South Sound pro cyclocross races successful enough to inspire plans for 2015 encore

Answers to important questions nobody has asked me yet:

Q: How merry is the Western Washington cyclocross community this Christmas after hosting pro races in Spanaway and Lakewood?

A: Very merry.

Now that two weeks have passed, the numbers have been crunched and the mud has settled, it’s safe to call the South Sound’s big weekend of bike racing a success.

In fact, key players — Seattle-based Low Pressure Promotions and Tacoma South Sound Sports — want to do it again next fall. With more time to promote the race, they believe they can draw more participants than this year.

Organizers say 1,023 riders competed at Marymount Event Center and Fort Steilacoom Park on Dec. 6-7, and about 424 were visiting from more than 50 miles away. The pro race included riders from Belgium, Denmark, Great Britain and Canada.

Tacoma South Sound Sports estimates an economic impact of $350,000 for the region, but that’s likely on the high side considering most of riders participated in both races, effectively cutting that rider count in half.

Still, a pair of 500-rider events was enough to make organizers happy, considering they only had about a month to pull together the Waves for Water Cyclocross Collaboration. The race filled a hole in the International Cycling Union’s calendar created when a race in Bend, Oregon, was canceled in October.

“We loved being in Tacoma,” said Zac Daab of Lower Pressure Promotions. “We had great venues both days.”

Fort Steilacoom already had a reputation as a marquee cyclocross course, but Marymount Event Center had never hosted a race.

Marymount offered to host on a trial basis.

A wet weekend meant Marymount’s manicured upper lawn muddied up pretty quickly on race day, making some of the event center staff a bit apprehensive.

But Marymount’s Trudy Cofchin said she was pleased with how Low Pressure Promotions handled the event. She was happy with the cleanup done immediately following racing on Dec. 6 and the work that was done by a three-man crew that returned Dec. 12.

The crew rolled and raked the lawns and cleaned up the trails. They also paid for grass seed that will be spread on the lawn in spring.

Daab says Low Pressure Promotions, which also stages the MFG Cyclocross series, places an emphasis on course remediation. Simply put, it’s the best way to ensure they’re invited back.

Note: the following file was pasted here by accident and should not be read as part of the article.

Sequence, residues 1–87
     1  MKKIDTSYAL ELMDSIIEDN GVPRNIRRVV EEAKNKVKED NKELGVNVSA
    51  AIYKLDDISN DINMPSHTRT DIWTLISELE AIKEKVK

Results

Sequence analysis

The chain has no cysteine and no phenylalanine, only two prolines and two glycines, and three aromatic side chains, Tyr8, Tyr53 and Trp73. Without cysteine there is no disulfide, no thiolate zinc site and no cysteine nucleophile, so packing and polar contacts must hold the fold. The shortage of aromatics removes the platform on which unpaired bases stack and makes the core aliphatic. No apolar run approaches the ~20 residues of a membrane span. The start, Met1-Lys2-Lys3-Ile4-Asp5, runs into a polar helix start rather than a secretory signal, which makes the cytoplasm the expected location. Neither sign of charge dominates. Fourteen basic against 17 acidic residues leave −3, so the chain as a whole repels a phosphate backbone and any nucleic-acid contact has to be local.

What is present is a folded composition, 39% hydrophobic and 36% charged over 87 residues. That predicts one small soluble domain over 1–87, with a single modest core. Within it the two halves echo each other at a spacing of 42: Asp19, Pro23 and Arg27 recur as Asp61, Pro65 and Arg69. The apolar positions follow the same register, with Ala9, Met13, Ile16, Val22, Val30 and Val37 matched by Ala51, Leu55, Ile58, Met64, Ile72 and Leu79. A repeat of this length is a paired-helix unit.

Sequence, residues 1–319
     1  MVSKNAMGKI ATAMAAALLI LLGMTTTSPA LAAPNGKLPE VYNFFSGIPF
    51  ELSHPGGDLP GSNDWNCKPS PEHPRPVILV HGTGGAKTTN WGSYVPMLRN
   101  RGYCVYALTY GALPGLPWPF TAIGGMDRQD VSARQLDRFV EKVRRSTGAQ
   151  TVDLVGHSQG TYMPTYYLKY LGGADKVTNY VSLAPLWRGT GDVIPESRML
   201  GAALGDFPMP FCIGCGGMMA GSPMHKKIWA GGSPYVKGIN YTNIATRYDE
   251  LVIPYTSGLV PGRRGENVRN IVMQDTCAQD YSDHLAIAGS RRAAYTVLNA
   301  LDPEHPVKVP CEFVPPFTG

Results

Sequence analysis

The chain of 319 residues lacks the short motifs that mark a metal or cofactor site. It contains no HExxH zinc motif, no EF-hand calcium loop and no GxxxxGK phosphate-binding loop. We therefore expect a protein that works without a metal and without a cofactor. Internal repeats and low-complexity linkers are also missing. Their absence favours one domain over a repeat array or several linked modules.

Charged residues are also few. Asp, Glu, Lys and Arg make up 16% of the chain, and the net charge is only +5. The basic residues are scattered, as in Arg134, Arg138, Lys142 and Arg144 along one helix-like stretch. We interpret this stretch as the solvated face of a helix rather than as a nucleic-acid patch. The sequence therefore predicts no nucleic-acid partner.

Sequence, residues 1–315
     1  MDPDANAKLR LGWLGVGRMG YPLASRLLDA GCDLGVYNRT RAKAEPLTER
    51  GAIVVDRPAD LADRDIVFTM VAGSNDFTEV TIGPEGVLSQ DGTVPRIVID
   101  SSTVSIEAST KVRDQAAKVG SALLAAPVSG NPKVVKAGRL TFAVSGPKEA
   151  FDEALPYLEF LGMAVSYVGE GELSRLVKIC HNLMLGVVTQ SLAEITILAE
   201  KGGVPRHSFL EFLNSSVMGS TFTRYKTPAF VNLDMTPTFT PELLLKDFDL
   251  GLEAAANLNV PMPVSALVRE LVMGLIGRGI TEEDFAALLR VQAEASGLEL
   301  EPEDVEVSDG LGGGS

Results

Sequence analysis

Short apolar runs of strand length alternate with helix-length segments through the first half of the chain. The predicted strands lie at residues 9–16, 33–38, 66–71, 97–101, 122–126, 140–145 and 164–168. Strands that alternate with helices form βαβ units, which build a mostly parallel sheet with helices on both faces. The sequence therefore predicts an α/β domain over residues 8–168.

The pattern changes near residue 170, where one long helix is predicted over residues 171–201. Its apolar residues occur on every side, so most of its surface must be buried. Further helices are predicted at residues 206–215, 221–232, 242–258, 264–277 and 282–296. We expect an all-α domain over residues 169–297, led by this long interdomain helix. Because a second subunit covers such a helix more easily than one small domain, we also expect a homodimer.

So far, so good. “Yes, we are open to doing it again,” Cofchin said.

Before the Waves for Water races, Dean Burke of Tacoma South Sound Sports said he wants Pierce County to become the “Wrigley Field of cyclocross.”

The pairing of Marymount and Fort Steilacoom did nothing to hurt that aspiration. Marymount gave riders a technical challenge, while the faster Fort Steilacoom course made for a more tactical race.

But what really set Marymount apart was its distinctive setting. The old cars and other vehicles from the LeMay car collection lining the course and the old buildings that were once used as a military school then a retirement home for nuns created a setting much different than most cyclocross races.

Cofchin was bombarded with email messages the next week from riders and spectators heaping praise on Marymount for the event. “I … must say that the course laid out on your property was one of the most challenging and fun courses I have been on,” wrote a rider from Fircrest.

With anther proven, top-notch course in the region, Burke said he’d like to pursue even bigger cyclocross dreams. Like being the first American city to host a World Cup race.

Q: What’s the toughest race in Washington in 2015?

A: There are plenty of candidates, but I’d give the nod to a new race put on by Port Townsend’s Northwest Maritime Center.

Here’s how it’s described on its website: “It’s like the Iditarod on a boat with a chance of drowning.”

Participants in the inaugural Race to Alaska shove off from Port Townsend at 5 a.m. June 4. The first one to reach Ketchikan gets $10,000. Second place gets a set of steak knives.

You can paddle, row, sail or even swim the 750 miles, but you can’t use a boat with an engine. The race isn’t supported and you can’t have any prearranged food and gear drops.

Wondering what the odds are you could finish in the top 12 in such a challenging race? Pretty good at the moment. As of Dec. 17, only 11 boats had entered.

The entry fee is $850 per team, plus $20 per person and, yes, just like your local 5K fun run, you get a shirt. Register at racetoalaska.com.

Q: How about something a little easier?

A: One of the South Sound’s oldest races celebrates its 41st running on Jan. 1 in Lakewood.

Fort Steilacoom Running Club’s Resolution Run Series kicks off at 9 a.m. with 5-mile and 5-kilometer races starting at Steilacoom High School.

The racing series started as way to ease people into running. The series has four races, each 5 miles or 5 kilometers longer than the previous. This year’s other races are Jan. 24, Feb. 21 and March 21.

Participants can enter individual races ($30, or $25 for club members), or they can enter the entire series ($85, or $65 for club members). Showers and warm food are available at the school after the race.

For more race information, visit runfsrc.com.